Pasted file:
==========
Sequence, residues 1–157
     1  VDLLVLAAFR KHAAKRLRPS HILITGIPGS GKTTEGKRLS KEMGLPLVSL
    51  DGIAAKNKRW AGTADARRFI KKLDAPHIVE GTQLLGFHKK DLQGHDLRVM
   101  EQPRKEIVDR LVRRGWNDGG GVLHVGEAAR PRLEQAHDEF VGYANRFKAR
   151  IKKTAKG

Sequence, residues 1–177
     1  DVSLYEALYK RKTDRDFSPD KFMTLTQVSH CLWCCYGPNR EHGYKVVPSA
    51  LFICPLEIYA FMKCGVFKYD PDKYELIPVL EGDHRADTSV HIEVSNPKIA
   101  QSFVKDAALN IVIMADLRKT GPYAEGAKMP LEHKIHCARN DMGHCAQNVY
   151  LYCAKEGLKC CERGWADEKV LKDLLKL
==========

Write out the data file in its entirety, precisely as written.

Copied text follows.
Sequence, residues 1–157
     1  VDLLVLAAFR KHAAKRLRPS HILITGIPGS GKTTEGKRLS KEMGLPLVSL
    51  DGIAAKNKRW AGTADARRFI KKLDAPHIVE GTQLLGFHKK DLQGHDLRVM
   101  EQPRKEIVDR LVRRGWNDGG GVLHVGEAAR PRLEQAHDEF VGYANRFKAR
   151  IKKTAKG

Sequence, residues 1–177
     1  DVSLYEALYK RKTDRDFSPD KFMTLTQVSH CLWCCYGPNR EHGYKVVPSA
    51  LFICPLEIYA FMKCGVFKYD PDKYELIPVL EGDHRADTSV HIEVSNPKIA
   101  QSFVKDAALN IVIMADLRKT GPYAEGAKMP LEHKIHCARN DMGHCAQNVY
   151  LYCAKEGLKC CERGWADEKV LKDLLKL